The excellent We The Curious science museum is one of Bristol’s most family-friendly attractions.
The museum opened in 2000 (at the time it was called @Bristol) and it was initially centred around the exhibits from the former Exploratory science museum that closed a year earlier. The museum originally included an IMAX cinema and Wildwalk, an area consisting of nature-related exhibits including two artificial rainforests and an aquarium, however, these two areas closed in March 2007 and the Wildwalk building is now home to Bristol Aquarium. In September 2017, @Bristol was renamed We The Curious.
Like many science museums, We the Curious is geared towards families with children and much of the complex is not really suitable for older visitors without kids.
What to see at We The Curious
The museum’s ground floor was completely re-fitted with new exhibits in 2020 and it is noted for its hands-on science exhibits that explain various aspects of science and how it relates to the world we live in.
Exhibition spaces at the museum include All About Us, the Tinkering Space, Animate It!, the Curiosity Zone, Our World, the Space Gallery and a 3D planetarium.
All About Us is an exhibition space with interactive exhibits that show how the human body works. This area includes the Real Brain exhibit, which explores the human brain.
The Tinkering Space on the first floor is a space for designing and creating things that includes robots and 3D printers.
Animate It! is an exhibition developed with Bristol-based Aardman Animations, which includes a set from the Wallace & Gromit film, A Matter of Loaf and Death.
The Curiosity Zone takes up much of the top floor and includes interactive exhibits that explore force, magnetism, light and sound.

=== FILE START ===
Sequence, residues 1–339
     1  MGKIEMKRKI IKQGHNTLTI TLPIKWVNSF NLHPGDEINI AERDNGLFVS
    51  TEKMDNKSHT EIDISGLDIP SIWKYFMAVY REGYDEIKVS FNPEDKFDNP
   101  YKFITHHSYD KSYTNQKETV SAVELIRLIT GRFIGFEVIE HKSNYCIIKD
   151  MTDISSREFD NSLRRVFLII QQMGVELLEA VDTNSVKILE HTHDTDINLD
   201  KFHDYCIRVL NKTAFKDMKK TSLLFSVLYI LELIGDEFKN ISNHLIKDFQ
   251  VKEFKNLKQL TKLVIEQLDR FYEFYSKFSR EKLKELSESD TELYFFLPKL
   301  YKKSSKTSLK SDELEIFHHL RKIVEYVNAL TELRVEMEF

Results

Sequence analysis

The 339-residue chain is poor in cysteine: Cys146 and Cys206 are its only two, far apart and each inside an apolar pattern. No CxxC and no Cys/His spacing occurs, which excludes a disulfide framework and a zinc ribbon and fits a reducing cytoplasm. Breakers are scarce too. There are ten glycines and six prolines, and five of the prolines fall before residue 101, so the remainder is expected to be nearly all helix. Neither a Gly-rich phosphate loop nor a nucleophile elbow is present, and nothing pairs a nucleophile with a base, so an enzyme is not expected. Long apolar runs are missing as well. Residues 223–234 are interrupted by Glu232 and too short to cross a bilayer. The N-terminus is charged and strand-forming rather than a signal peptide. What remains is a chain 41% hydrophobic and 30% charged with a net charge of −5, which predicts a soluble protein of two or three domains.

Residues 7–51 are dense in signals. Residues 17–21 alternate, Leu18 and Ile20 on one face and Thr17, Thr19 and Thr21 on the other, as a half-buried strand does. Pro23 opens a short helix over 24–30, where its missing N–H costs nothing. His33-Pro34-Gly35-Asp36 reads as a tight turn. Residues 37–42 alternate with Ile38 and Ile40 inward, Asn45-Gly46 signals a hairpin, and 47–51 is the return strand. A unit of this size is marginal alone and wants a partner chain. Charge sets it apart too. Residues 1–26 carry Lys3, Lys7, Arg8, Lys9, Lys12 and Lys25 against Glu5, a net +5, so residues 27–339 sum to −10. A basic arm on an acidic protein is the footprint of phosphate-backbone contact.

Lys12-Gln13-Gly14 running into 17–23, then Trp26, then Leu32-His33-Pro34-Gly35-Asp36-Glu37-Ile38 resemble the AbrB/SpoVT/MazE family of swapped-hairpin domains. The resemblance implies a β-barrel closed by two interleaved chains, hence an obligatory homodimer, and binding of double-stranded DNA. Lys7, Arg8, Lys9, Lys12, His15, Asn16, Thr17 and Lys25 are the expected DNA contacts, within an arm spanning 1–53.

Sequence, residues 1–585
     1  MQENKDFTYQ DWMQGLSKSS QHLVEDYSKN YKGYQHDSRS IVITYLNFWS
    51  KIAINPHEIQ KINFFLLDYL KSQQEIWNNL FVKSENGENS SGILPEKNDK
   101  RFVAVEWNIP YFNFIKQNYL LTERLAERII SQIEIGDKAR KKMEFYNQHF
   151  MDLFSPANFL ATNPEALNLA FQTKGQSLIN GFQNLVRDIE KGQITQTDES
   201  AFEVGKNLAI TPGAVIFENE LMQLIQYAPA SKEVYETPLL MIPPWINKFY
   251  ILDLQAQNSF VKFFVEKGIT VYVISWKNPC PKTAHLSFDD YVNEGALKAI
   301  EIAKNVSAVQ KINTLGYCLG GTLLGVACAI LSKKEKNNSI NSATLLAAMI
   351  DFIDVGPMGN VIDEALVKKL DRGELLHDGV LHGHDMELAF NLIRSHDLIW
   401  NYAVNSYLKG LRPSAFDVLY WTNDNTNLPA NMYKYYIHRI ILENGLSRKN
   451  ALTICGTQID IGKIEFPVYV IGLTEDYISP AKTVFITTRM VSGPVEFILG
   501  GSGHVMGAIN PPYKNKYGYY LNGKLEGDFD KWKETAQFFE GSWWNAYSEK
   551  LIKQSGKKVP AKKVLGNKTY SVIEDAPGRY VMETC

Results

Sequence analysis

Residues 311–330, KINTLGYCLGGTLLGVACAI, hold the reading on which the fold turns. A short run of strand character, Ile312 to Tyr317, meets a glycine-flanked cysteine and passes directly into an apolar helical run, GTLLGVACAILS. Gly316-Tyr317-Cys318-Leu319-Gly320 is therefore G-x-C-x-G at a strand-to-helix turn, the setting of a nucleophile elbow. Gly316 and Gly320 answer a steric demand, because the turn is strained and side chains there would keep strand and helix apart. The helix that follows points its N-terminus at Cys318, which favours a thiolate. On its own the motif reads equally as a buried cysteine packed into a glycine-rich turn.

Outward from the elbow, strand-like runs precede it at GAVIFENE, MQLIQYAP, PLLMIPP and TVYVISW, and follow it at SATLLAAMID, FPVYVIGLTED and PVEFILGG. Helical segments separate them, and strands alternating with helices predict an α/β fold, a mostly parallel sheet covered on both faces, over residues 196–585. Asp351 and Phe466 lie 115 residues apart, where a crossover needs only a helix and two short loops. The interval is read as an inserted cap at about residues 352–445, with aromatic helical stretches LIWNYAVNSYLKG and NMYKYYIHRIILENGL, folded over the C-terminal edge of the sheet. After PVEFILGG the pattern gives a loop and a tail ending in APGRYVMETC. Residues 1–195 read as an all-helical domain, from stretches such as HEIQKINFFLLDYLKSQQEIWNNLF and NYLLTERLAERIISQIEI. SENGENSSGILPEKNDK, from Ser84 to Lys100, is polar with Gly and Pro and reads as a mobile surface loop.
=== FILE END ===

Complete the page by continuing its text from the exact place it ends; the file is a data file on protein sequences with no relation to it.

Our World is an exhibition space that has exhibits that explain phenomena about the world around us and the Space Gallery has exhibits about space travel. The planetarium, which is located inside the distinctive stainless steel sphere that dominates the museum’s Millenium Square entrance is an extension of this gallery. It is the UK’s first 3D planetarium with a programme of seasonal shows.
Visiting We The Curious
We The Curious is located in the Canon’s Wharf area of Bristol near Millenium Square. Nearby attractions include Bristol Aquarium and Bristol Cathedral and it is just a short walk across Pero’s Bridge to Arnolfini, Queen Square and the Old City.
Like most science museums, We The Curious is a great spot to take the kids, however, it is not a particularly cheap attraction to visit and there is an additional charge for planetarium shows (£2.50 for 2D shows and £3.50 for 3D shows). It works out around 5% cheaper if you buy your tickets online and admission is cheaper if you visit 1½ hours before closing time.
The complex is wheelchair accessible and there is a hearing loop in the planetarium for visitors with a hearing impairment and some of the exhibits are adapted for blind and visually-impaired visitors.
The museum has a nice on-site cafe, although there are several other places to eat and drink nearby, particularly alongside the waterfront.
It also has a gift shop, which like most museum gift shops is a great place to pick up unique gifts and souvenirs.
Most people spend between three and four hours here.